I really didn't like it when the Los Angeles Dodgers replaced my Pacific Coast League Hollywood Stars in 1958.
Although, it was exciting when over 90,000 baseball fans attended the 1959 exhibition game honoring Dodger catcher Roy Campanella, who had been crippled in a car accident a year earlier.
Their new home at Chavez Ravine had not been built yet, so they played on the football field known as the Los Angeles Coliseum.
It was the home of the Los Angeles Rams, and great players such as "Crazy Legs" Hirsch, Norm Van Brocklin, Les Richter, and Rosie Greer, among others.
But, it was almost painful to watch the baseball games from center field, in what seemed like another time zone away. Even with binoculars, it looked like home plate was still located in Brooklyn.
When team owner Walter O'Malley bought out the land from under the Latino ranchers and home owners for close to $500,000 dollars, in order to build a privately owned Dodger Stadium in Chavez Ravine, around the Echo Park area of Los Angeles, the baseball fans were very excited. The Dodger owner paid more for the land than the assessment, but still, it was a painful exit for the locals, and remains a historical sore point among those with strong ethnic memories.
When the Dodgers played their first game in the new stadium during 1962, it was a much different era. If there was too much traffic, just build another freeway. When the car ashtray became too filled with cigarette butts, just empty it on the street
But in a funny way, Mr. O'Malley started a small consumer movement in Los Angeles, all by himself. When fans attended the opening game in April 10, 1962 against the Cincinnati Reds, they naturally looked to get a drink of water. But where were the drinking fountains?
It appeared that the new team wanted a little more revenue from the food stands and the sell of beer and soft drinks, than it wanted to give away free water. To be completely honest about this, Mr. O'Malley was a great baseball owner. He kept ticket prices lower than most major league teams. This allowed many poor families to attend a big league game for about the same price as watching a movie.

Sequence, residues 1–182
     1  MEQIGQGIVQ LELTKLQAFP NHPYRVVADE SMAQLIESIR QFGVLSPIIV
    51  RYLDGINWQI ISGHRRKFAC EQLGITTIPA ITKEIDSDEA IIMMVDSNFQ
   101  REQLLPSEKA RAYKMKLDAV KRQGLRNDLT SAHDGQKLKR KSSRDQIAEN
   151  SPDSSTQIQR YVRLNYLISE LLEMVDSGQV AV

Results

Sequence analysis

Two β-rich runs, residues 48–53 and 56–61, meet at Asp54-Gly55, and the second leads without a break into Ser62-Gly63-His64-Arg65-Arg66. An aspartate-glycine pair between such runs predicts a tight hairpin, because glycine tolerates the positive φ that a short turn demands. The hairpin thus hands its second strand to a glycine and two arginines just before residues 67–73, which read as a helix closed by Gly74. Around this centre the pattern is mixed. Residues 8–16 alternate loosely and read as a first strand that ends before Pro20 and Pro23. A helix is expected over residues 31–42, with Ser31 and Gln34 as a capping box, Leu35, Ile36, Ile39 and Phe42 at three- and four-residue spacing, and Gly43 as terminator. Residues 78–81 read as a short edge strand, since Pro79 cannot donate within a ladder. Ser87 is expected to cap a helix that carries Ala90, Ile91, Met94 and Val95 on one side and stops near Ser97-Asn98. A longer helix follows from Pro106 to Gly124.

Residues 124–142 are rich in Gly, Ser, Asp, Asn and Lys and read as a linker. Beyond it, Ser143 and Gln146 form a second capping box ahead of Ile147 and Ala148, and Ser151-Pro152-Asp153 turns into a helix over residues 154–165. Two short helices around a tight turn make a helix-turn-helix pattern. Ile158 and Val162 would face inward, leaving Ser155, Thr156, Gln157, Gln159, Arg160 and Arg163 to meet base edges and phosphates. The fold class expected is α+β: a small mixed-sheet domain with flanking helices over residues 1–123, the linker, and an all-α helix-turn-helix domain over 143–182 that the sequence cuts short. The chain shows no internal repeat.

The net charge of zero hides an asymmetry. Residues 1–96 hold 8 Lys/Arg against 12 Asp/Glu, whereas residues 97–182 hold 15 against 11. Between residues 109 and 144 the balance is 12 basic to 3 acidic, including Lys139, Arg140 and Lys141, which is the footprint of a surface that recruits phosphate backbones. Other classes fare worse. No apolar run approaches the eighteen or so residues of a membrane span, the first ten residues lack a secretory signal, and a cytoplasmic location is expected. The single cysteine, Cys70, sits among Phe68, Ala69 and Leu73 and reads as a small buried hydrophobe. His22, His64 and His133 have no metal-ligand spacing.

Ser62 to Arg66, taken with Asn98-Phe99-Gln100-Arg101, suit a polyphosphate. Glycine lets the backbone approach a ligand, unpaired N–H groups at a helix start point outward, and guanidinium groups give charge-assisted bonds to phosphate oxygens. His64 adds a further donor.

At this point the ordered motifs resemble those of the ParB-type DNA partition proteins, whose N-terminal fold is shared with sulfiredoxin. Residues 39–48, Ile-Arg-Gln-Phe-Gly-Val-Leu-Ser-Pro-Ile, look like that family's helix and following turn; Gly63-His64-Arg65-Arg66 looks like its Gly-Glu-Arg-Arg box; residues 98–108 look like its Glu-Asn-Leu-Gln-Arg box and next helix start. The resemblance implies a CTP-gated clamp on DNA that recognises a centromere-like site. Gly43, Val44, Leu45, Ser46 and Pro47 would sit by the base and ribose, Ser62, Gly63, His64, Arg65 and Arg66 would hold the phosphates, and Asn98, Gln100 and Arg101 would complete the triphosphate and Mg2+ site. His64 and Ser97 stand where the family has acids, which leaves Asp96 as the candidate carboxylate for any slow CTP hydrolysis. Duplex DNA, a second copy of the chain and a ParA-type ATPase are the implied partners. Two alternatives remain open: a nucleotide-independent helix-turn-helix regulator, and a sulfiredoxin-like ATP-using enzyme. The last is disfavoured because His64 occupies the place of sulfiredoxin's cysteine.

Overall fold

Fans did,however, get upset about the lack of free water, so the team installed a few fountains. You still had to look for them. They were kind of hidden in corners and behind walls. This was a beginning of consumer power in laid back LA.
July 30, 2006-- Almost every time I bring a new person to the game, I tell them about this historical aspect at Dodger Stadium. I had forgotten to mention it to my kid, though. I thought I had told her some time ago, but maybe she wasn't listening.
We had great seats on a hot Sunday, for the home game between the Washington Nationals (our second Nat's game of the year) managed by Frank Robinson, and the Dodgers at Chavez Ravine
I played a little game with my daughter called, "find the drinking fountain at Dodger Stadium".
We were lucky enough to have seats on the field level. As we walked the corridor of food concession stands selling everything from all beef hot dogs to baseball caps, we searched and searched and searched for the drinking fountains. I said, " They used to be near the bathrooms," but we couldn't find them. We did spot Wheel of Fortune host Pat Sajack, but not the drinking fountains.
Finally, out of desperation and frustration of not being able to find the drinking fountains since attending the Dodger games at Chavez Ravine since 1962, I had to ask the attendant near the Stadium Club entrance. He said, "We moved them to each entrance." Oh, I thought to myself, they make you walk by every single concession stand, once your'e in the park, in order to find free water. The subtle business strategy is to break you psychologically, on a hot day, so you'll give up halfway on the long walk toward the exit, and buy that Coke.
It was a well-played game. The Dodgers beat the Nationals 4-3. The thirsty crowd of 42,000 fans probably didn't find the drinking fountains either.
Thanks for Reading,